shaunc said

Newbie looking for Earl Grey help

Hi – I’m just now embarking on serious tea drinking. A friend gave me a tin of Mariage Freres Earl Grey French Blue. Wow. I’m hooked.

I want to try other Earl Grey teas but as I look around I’ve found some terminology I’m not familiar with. I wanted to ask if someone here might be able to shed some light. What’s the difference between Earl Grey, Earl Grey Extra, and Earl Grey Imperial?

I think I might like an Earl Grey with slightly more bergamot, and would love some suggestions. Thank you!

9 Replies
AJ said

Those terms don’t REALLY mean anything. That’s just a tea company trying to dress up their Earl Grey.

Things like “Extra” can sometimes imply that their tea has more bergamot than the “usual”, and this is usually confirmed in the tea description. “Double-shot of bergamot”, or something close. Sometimes it just means they threw in some blue cornflowers to make it look superspecial.

I enjoy Earl Grey variations, such as Russian Earl Grey (other citrus fruits added, and/or lemon grass), and Dorian Grey (varies depending on the company, but often with caramel, or rose added).

I’d recommend Kusmi Teas, because they use Earl Grey as a base for a lot of their teas. But their teas are also quite mild.

Login or sign up to post a message.

If you’re looking for a bolder flavor, shy away from “creme” or “lady grey” varieties.

Login or sign up to post a message.

I think AJ covered most everything :) but wanted to add sometimes Imperial or Supreme can have to do with the tea base. For example, Harney and Sons Earl Grey Supreme is named so because the tea base is made with higher grade tea, including Ceylon Vintage Silver Tips. Highly rec that Earl – it’s my fave! Even though it is not heavy on the bergamot, the bergamot is zingy and fresh tasting and goes so well with the very special tea base.

From one Earl Grey lover to another, enjoy your Earl Journey!!!

Login or sign up to post a message.

teaplz said

Just to throw another one in (I’m not a big fan of EG), Samovar’s Earl Grey is really deliciously balanced.

Login or sign up to post a message.

teakettica said

The Dorian Grey with rose sounds fantastic. What do you recommend, AJ?

AJ said

Well, most of the people above have tried way more Earl Greys than I have. In terms of Dorian Grey, Sympathy for the Kettle is the company that makes their version with rose (and vanilla and rosehip). I’ve never tried theirs (it doesn’t seem anyone on the site has, or at least haven’t bothered to log it). But it’s right here: http://sympathyforthekettle.com/index.php/catalog/product/view/id/104/s/dorian-grey/

The other four (the caramel variation) seem to be similar or alike. I’ve tried one (and then later purchased 100 grams of it), and I rather enjoy it—the bergamot isn’t TOO strong, and it has a nice balance of caramel, with some interesting other flavours from the apple and possibly the many flowers mixed in. The one I tried was from Great Wall, who hasn’t gotten an actual website off the ground yet.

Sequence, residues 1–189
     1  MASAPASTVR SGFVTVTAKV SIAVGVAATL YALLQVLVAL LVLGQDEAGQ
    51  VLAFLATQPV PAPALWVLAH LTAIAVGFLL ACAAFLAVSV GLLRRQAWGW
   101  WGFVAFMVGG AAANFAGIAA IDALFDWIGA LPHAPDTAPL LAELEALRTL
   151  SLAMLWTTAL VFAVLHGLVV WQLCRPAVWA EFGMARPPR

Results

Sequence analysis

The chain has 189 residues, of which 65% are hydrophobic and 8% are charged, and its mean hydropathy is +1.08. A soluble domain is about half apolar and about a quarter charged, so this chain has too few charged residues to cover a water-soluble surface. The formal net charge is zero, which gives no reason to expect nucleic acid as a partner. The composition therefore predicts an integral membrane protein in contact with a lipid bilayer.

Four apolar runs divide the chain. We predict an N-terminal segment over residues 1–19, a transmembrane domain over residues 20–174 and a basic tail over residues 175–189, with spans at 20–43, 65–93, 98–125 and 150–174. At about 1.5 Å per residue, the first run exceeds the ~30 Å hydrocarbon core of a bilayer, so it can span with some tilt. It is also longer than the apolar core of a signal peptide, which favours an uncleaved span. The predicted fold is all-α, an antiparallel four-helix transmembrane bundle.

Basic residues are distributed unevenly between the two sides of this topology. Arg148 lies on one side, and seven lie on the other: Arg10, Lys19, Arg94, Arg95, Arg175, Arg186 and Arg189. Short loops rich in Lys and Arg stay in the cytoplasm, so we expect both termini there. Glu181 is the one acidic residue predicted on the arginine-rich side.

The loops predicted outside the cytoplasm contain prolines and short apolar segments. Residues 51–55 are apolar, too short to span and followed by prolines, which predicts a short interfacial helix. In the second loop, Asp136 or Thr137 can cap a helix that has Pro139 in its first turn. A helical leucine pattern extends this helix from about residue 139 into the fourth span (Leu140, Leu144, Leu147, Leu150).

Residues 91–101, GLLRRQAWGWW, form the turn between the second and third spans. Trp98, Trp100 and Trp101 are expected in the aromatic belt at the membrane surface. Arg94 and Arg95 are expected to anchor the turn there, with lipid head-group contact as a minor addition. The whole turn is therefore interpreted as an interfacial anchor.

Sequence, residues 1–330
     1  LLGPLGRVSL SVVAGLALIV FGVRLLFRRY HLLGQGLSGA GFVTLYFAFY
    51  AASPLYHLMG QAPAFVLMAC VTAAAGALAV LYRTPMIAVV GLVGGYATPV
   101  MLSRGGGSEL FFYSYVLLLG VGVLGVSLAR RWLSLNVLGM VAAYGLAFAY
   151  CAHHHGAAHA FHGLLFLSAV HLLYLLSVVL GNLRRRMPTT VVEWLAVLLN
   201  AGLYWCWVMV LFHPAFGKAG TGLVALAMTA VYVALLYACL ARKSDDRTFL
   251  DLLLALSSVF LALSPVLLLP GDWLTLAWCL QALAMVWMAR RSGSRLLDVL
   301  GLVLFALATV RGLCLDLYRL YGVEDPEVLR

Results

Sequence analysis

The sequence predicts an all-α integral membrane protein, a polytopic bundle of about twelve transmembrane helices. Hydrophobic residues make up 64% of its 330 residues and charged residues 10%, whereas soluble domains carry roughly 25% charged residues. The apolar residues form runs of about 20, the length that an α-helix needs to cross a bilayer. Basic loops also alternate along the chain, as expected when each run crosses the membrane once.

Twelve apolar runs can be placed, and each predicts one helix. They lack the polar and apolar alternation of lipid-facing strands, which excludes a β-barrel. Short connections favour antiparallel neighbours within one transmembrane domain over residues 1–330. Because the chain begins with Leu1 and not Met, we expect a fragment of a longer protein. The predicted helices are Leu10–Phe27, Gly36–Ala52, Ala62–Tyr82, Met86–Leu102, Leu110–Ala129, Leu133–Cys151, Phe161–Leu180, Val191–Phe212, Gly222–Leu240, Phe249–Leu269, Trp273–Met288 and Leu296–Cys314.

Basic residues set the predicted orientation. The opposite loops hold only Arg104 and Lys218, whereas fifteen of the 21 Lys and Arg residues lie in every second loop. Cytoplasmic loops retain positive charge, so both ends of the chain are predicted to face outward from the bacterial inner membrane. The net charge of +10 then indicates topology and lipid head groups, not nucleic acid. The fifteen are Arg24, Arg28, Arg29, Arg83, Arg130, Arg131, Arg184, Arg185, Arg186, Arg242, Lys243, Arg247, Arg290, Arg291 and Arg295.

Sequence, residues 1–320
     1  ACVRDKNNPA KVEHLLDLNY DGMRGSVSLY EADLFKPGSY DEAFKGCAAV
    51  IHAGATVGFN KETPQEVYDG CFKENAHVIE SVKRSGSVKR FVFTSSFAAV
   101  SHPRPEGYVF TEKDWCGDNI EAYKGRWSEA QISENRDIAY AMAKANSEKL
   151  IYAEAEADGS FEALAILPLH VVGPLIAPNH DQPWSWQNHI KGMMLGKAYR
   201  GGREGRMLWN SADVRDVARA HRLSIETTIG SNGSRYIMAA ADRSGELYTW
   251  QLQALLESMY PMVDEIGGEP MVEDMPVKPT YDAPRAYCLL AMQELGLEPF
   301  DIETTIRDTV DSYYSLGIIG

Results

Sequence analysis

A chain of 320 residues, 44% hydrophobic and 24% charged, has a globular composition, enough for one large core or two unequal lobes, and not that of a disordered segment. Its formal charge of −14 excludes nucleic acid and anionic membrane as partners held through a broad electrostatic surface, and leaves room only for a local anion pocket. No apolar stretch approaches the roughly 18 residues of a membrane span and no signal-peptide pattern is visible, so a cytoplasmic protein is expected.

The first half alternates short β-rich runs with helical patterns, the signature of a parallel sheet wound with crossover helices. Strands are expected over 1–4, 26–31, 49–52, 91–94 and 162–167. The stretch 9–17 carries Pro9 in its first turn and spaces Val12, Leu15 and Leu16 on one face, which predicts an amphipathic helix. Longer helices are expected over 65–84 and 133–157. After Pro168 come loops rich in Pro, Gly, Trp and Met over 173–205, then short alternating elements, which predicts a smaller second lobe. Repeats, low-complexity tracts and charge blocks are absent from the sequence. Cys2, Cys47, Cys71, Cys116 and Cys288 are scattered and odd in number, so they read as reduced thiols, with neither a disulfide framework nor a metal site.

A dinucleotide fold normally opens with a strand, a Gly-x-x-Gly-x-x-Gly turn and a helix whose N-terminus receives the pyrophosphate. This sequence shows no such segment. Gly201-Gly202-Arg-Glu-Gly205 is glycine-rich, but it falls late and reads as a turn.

My favourite just plain Earl Grey though, is from a less-known company known as “Hazo”. Both the tea and the bergamot are quite bold, but they balance nice.

Login or sign up to post a message.

shaunc said

Thank you all for this help and your great suggestions! I really appreciate it. I have a lot to explore and these will give me good starting points.

Login or sign up to post a message.

Marcus said

AJ is right. They are all modifiers. There are a few rules of thumb I follow with Earl Grey:

- If there is a feminine modifier, then it will have less bergamot and be more mild. The most obvious version of this is Lady Earl Grey, but I have also seen princess earl grey, Mrs. Earl Grey and others

- If it has a modifier that implies strength, then it will be stronger. Examples are Earl Grey-er, Extra Earl Grey, etc.

- Many are self explanatory. For example, if the blend is a Earl Grey White, then it is white tea with bergamot. If it is Raspberry Earl Grey, then it is black tea, bergamot and raspberries.

- Then there are some “standard” blends that use other ingredients. Here are a few that come to mind. Remember, this is a very basic overview:

- Russian Earl Grey: Earl Grey with additional citrus (orange/lemon) and flowers
- Earl Grey Imperial: Uses a Darjeeling Base
- Victorian Earl Grey: Uses Rose petals
- Creme Earl Grey: Earl Grey with Vanilla
- French Earl Grey: Earl Grey with Lavender

I think these cover the basics. Anyone else know of any other popular blends?

Login or sign up to post a message.

Nichole said

Hi! I have an Earl Grey Bravo from Adagio that I didn’t really care for. If you are interested. . .just let me know!

Login or sign up to post a message.

Login or sign up to leave a comment.